3. Classically, retinal detachment presents as a sudden, painless, monocular visual disturbance. Patients describe a sensation of looking through a curtain, accompanied by flashes and floaters. Ocular POCUS used to diagnose retinal detachment has a sensitivity ranging from 97–100% with a specificity of 83–100%.3 On ultrasound a retinal detachment appears as a sharply defined, highly reflective linear membrane that is anchored to the optic disc. The retina may be accentuated and wave with eye movements due to this anchoring. Vitreous detachment is often mistaken for a retinal detachment. Unlike a retinal detachment, a vitreous detachment is more delicate and thin, less echogenic, and does not attach to the optic disc. Such differences can be exaggerated with eye movements, which has been shown to raise the specificity to approximately 92%.4
  4. A retinal detachment occurs when the neurosensory retina and the underlying choroidal circulation separate, resulting in ischemia and rapid, progressive photoreceptor degeneration. It is more commonly spontaneous but can also be seen in the setting of trauma. If not addressed within 24 hours, the underlying ischemic damages can become irreversible, resulting in permanent vision loss.5
  5. Ocular POCUS can be used in the trauma setting to assess pupillary function, EOM function, lens dislocation, increased intracranial pressure, and even globe rupture. The lens should be observed during EOM in order to accentuate abnormalities and should always be compared to the contralateral side. In patients with severe periorbital edema and concern for extraocular muscle entrapment, the pupillary reflex can be examined with ultrasound.6 For skilled ultrasonographers, one study demonstrated that an optic nerve sheath diameter of > 5mm on POCUS is 95.6% sensitive and 92.3% specific for elevated intracranial pressure when compared to CT.7 Extra caution needs to be exercised when evaluating the patient for globe rupture, as inadvertent pressure can cause vitreous extrusion.8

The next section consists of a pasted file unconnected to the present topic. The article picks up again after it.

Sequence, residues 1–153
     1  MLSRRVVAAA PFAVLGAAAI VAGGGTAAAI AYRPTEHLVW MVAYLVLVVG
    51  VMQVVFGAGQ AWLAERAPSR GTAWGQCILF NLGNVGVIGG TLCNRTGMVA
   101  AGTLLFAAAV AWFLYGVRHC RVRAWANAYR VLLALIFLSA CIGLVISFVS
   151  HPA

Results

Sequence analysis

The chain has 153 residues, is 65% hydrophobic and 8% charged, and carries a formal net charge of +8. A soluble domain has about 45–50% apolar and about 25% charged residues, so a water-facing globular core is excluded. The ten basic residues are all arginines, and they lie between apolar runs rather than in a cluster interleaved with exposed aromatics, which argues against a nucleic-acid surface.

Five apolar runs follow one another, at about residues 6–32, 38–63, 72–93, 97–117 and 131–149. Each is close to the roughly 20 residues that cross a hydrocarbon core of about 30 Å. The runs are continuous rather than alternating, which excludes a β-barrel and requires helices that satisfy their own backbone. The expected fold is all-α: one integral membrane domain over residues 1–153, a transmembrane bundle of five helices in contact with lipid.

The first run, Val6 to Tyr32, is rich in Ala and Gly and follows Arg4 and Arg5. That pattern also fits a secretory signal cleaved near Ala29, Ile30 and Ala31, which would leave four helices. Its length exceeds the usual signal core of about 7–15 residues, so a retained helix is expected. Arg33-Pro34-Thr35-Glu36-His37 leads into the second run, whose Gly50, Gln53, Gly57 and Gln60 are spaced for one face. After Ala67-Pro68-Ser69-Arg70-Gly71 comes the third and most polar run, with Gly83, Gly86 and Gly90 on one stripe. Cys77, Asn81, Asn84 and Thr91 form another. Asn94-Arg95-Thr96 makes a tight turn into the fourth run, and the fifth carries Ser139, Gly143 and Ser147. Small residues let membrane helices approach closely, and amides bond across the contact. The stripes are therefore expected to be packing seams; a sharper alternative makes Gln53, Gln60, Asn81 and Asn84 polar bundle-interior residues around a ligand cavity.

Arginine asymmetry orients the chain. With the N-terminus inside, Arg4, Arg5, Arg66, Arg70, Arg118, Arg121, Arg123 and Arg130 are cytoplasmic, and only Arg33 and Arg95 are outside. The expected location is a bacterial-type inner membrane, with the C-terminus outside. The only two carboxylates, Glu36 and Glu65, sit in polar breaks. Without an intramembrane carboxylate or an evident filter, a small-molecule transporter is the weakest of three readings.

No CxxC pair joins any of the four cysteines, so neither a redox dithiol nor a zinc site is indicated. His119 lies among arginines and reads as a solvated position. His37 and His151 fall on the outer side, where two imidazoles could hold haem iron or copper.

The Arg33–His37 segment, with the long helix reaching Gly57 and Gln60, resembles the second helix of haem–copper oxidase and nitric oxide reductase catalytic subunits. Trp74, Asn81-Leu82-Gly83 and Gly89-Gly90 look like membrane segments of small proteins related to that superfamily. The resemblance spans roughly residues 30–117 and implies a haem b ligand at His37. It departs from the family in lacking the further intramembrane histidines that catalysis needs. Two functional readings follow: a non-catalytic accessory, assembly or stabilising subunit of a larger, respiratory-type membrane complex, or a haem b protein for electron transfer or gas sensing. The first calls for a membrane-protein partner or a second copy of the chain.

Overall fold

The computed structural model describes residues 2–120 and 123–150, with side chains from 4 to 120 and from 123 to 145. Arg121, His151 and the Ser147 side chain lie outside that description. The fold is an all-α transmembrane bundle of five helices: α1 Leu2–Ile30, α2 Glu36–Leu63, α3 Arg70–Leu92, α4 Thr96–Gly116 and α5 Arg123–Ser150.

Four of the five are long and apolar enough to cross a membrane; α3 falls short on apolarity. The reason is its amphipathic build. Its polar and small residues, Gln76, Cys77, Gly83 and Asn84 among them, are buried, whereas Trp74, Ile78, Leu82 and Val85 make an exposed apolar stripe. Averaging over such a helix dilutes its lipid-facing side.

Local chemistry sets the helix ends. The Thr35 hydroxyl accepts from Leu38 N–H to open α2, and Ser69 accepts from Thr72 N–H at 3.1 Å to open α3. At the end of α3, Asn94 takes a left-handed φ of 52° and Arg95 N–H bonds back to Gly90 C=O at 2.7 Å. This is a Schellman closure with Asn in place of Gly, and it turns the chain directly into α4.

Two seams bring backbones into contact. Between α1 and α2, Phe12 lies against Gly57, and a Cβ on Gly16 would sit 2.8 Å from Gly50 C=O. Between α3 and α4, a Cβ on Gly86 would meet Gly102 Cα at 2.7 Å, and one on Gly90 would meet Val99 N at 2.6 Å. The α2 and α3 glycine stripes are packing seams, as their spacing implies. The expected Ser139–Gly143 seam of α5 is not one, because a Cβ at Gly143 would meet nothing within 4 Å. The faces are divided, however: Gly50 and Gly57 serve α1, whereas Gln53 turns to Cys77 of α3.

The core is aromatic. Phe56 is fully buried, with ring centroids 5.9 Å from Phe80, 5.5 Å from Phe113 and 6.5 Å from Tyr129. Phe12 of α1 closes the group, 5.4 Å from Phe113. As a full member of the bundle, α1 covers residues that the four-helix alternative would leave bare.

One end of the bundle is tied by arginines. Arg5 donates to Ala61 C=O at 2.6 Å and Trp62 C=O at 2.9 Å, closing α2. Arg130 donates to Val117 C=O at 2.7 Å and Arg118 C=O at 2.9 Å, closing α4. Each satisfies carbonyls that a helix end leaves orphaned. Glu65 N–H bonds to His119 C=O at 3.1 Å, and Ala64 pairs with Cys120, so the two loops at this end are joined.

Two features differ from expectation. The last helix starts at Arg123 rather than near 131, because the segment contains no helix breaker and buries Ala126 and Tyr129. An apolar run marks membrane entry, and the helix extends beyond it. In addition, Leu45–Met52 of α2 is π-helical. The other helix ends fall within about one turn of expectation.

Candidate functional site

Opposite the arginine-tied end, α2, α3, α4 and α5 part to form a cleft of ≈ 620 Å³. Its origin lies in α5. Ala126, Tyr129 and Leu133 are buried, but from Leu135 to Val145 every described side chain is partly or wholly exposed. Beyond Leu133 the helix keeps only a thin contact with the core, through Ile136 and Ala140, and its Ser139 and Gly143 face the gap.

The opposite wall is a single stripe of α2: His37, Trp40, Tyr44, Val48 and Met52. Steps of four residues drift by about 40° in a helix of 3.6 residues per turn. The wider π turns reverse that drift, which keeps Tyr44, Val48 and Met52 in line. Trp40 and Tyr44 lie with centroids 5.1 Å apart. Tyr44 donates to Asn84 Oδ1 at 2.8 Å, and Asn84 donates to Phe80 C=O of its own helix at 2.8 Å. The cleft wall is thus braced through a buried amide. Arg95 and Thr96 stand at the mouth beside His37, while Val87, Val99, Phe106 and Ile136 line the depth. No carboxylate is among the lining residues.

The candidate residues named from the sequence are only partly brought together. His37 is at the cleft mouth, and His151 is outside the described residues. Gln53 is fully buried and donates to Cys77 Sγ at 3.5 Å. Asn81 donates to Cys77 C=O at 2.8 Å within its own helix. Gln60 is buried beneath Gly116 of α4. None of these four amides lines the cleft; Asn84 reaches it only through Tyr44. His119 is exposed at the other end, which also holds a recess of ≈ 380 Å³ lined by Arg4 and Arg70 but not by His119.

Image 2

SwollenEye2

References

  1. Carmody K, Moore C, Feller-Kopman D. Ocular Ultrasound in Handbook of Critical Care & Emergency Ultrasound. New York, NY: McGraw Hill, 2011, p.185.
  2. Blaivas M, Theodoro D, Sierzenski PR. A study of bedside ocular ultrasonography in the emergency department. Acad Emerg Med. 2002; 9(8):791–799.
  3. Vrablik ME, Snead GR, Minnigan HJ, et al. The diagnostic accuracy of bedside ocular ultrasonography for the diagnosis of retinal detachment: a systematic review and meta-analysis. Acad Emerg Med. 2015; 65(2): 199–203.
  4. Shinar Z, Chan L, Orlinsky M. Use of Ocular Ultrasound for the Evaluation of Retinal Detachment. J Emerg Med. 2011; 40(1): 53-7.
  5. Bowling B. Retinal detachment. In: Bowling B, ed. Kanski's Clinical Ophthalmology. 8th ed. Philadelphia, PA: Elsevier Saunders; 2016: Chapter 16.
  6. Harries A, Shah S, Teismann N, et al. Ultrasound assessment of extraocular movements and pupillary light reflex in ocular trauma. Acad Emerg Med. 2010; 28(8): 956-9.
  7. Ohle R, McIsaac SM, Woo MY, et al. Sonography of optic nerve sheath diameter for detection of raised intracranial pressure compared to computed tomography: a systematic review and meta-analysis. J Ultrasound Med. 2015; 34(7): 1285-94.
  8. Blaivas M, Theodoro D, Sierzenski PR. A study of bedside ocular ultrasonography in the emergency department. Acad Emerg Med. 2002; 9: 791-799.